Cleo stumbled breathlessly across the curb and slumped onto the park bench. The shade of an oak eased a sigh out of his sweat-soaked torso. His third button escaped dangling threads and fell to the tarmac below as he failed in efforts to undo it. His glassy eyes stared right through the Congolese family eating hot dogs on a picnic blanket nearby.
The forty-two year old’s third trip this month to Doctor Norton had been pointless. Unless it meant funding the local pharmacist. Robaxacet for back pain, Melatonin for sleeplessness, and Ativan for anxiety - first visit. Tums for indigestion and Gravol for nausea - second visit. A referral to the optometrist for blurry vision and a referral to a dementia clinic for memory loss - third visit. He was booked for a physical exam two weeks away.
Esther had summed up her diagnosis in one word. “Hypochondriac.”
Dr. Norton had scanned Cleo’s carefully scripted symptoms log and then entered unknown information into his computer. The machine had clearly decided there was nothing serious. At least it didn’t proclaim “hypochondriac.”
Neither had Cleo’s laptop. That technological genius had diagnosed more than a dozen life threatening problems. Cleo suspected his heart was probably the biggest culprit. For some reason Dr. Norton wasn’t ready to go there yet.
When the perplexed husband had told Esther his suspicions she told him the only heart issue he had was with the Lord. “You worry too much. You work too hard. You need to start going to prayer meeting more often.”
Cleo propped himself up with his left elbow on the bench and tried to hear the words of a small boy walking by holding hands with his mother. “Is he drunk, mom?” The reclining figure couldn’t ignore the glare and frown of the mother as she dragged her son away at a quicker pace. A sense of vertigo overwhelmed him as he tried to embrace the thin steel beams of the bench.
When he could focus again the patches of blue-green blur in front of his face left him confused.
A voice kept prodding him into consciousness. “Mr. Fletcher. Welcome back. You’re lucky those picnickers in the park took your collapse seriously. We’re going to have to do a little exam on your heart. Are you okay with that? I understand you’re not a smoker and that you haven’t eaten in the last ten hours.”
The only thing Cleo registered was the echo of Esther’s verbal mocking. “The only heart issue you have is with the Lord.”
“I repent. I’m sorry.”
“Nothing to repent for Mr. Fletcher. You did seem to have a few extra pills in your pockets. I hope you weren’t trying to harm yourself.”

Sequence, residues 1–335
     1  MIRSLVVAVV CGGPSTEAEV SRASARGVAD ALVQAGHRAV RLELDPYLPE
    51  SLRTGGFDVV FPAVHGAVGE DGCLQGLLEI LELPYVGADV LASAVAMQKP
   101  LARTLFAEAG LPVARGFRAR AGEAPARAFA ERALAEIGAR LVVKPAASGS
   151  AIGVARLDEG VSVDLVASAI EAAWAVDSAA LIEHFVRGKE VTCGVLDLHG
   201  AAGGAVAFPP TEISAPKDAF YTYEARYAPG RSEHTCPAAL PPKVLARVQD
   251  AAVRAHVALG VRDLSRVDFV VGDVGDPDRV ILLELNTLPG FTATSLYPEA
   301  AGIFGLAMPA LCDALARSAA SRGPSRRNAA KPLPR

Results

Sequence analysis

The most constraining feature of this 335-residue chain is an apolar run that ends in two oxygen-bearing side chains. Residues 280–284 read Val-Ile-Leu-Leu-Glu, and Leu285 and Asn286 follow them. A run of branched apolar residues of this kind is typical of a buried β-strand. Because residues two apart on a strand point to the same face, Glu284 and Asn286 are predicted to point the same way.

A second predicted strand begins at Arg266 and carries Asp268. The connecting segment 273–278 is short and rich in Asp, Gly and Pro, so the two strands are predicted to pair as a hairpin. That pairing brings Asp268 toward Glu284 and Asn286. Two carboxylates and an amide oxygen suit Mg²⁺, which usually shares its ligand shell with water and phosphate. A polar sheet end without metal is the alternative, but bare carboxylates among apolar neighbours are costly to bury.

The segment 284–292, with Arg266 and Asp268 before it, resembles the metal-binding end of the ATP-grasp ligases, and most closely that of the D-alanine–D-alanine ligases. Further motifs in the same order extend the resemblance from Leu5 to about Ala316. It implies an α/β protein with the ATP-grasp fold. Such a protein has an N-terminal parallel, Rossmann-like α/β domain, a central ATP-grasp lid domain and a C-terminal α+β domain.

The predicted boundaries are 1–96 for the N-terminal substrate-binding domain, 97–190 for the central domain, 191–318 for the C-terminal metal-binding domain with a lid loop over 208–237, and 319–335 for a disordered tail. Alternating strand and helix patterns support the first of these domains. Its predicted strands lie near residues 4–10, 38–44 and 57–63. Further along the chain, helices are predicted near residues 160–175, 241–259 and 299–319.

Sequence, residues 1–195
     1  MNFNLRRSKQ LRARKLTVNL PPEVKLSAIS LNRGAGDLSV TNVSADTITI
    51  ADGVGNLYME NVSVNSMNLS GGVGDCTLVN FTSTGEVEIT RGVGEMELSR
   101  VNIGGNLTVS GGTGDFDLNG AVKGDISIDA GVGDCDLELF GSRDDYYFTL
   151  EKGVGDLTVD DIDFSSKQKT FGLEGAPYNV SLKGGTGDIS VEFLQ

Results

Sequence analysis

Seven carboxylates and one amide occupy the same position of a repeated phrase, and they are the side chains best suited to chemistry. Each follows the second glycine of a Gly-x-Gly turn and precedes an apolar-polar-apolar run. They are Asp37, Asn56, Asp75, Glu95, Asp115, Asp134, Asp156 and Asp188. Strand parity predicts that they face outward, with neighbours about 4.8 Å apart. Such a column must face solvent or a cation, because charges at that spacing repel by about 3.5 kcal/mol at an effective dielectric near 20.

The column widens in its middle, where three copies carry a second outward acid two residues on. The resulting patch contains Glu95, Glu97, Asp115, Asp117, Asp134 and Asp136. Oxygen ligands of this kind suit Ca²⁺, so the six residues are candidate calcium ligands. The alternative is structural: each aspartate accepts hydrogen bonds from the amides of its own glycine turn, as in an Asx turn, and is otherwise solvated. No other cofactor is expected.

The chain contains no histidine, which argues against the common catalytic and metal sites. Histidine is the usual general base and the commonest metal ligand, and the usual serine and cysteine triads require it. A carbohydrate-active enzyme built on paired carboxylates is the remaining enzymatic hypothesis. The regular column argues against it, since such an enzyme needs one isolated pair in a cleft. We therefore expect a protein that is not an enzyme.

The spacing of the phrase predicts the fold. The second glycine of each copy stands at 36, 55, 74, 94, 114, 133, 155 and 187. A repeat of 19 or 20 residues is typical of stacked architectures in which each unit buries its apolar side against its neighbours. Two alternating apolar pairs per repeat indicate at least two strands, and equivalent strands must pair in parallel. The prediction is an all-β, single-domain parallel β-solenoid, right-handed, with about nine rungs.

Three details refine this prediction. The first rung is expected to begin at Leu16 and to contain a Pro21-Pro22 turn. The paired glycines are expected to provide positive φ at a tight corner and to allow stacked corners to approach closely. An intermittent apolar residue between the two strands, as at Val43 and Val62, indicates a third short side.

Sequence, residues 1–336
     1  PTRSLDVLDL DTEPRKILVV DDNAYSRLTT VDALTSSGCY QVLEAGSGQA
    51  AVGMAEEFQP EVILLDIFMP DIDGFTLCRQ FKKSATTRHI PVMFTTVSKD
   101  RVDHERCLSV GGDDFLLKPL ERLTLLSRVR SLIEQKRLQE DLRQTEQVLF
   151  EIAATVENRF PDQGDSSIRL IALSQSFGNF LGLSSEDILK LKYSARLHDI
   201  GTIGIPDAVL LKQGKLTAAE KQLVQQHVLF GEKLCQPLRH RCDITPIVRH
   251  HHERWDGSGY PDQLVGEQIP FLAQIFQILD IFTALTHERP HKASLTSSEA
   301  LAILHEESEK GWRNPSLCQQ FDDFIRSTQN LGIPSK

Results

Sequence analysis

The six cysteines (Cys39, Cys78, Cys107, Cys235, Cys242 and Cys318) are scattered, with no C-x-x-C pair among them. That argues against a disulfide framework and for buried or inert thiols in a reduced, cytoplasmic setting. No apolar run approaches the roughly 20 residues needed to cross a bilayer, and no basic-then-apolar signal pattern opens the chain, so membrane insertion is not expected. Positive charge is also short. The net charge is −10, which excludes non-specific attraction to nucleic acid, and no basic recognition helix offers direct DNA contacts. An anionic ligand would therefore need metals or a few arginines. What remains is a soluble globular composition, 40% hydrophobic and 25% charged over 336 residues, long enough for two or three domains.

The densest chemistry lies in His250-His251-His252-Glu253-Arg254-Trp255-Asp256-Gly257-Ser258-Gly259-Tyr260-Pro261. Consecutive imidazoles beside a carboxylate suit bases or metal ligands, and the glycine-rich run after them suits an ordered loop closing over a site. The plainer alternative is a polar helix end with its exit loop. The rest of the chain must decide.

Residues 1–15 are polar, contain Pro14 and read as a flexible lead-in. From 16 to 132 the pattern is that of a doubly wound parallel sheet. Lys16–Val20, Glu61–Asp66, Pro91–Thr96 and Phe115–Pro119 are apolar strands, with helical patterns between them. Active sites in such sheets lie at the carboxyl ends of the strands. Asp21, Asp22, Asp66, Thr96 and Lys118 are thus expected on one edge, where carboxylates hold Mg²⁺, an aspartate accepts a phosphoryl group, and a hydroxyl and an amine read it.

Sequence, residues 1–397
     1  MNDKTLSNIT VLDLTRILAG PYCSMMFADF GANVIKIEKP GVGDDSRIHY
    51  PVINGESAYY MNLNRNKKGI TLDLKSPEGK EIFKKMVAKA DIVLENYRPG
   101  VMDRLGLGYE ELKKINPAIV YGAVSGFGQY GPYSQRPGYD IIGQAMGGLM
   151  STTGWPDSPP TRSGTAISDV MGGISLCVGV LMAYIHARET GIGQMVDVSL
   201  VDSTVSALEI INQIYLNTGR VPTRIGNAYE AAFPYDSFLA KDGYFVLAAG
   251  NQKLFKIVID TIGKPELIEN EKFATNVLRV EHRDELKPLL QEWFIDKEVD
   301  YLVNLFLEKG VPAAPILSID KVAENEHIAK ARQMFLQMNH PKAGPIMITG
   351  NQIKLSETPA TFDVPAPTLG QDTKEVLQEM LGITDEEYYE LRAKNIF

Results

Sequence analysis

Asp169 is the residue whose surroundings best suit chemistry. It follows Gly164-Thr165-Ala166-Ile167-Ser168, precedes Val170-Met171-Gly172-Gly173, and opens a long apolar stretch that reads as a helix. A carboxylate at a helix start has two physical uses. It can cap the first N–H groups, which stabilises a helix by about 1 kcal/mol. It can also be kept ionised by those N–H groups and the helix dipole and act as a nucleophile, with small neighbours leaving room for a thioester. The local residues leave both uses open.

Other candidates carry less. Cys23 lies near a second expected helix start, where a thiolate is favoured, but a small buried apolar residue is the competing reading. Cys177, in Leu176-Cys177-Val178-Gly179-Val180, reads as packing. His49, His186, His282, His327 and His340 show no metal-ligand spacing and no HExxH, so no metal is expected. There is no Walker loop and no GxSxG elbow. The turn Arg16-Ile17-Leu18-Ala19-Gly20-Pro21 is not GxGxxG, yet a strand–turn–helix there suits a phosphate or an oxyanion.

“Trying to live.”
The sedated penitent moved to adjust his glasses but found himself restrained. “Easy, Mr. Fletcher. We have you stabilized for your own good. We’re going to perform an arteriogram. You’ll feel a little prick down below and we’ll be putting in some contrast dye to help us see if there are any blockages to your heart. Just relax. This exam will only take a few minutes. You may feel a little flush in your face. Don’t worry. Everything is okay.”
Cleo felt the prick like a bee sting. “Ouch.”
A female voice sounded nearby. “Sorry, Mr. Fletcher. The needle is in and everything will be fine now. The Lidocaine will make sure you feel nothing more.”
A male voice. “Mr. Fletcher. I’m just going to be inserting a stent to help your heart out a little. If you want to watch what I’m doing on the monitor you can see where the dye has stopped circulating. You’ve got a few blockages going on here. I’m assuming you’ve been having some back pain, some heartburn, some nausea.”
Cleo didn’t want to fail this oral exam. “Robaxacet for the back pain, Tums for the heartburn, Gravol for the Nausea.”
The voice was patient. “You won’t have to take those anymore, Mr. Fletcher. Sometimes it takes more than a pill to stop our body from screaming for help.”
“My wife says I just need to pace myself and get focused.”
“Right now, all you have to do is lie here and recover for the next several hours. We’ll just need to take more x-rays and then remove the catheter. You may feel patches of heat.”
Cleo wanted to know one thing. “Did I pass?”
“Absolutely. You’ll soon be 100%. Just listen to your heart.”
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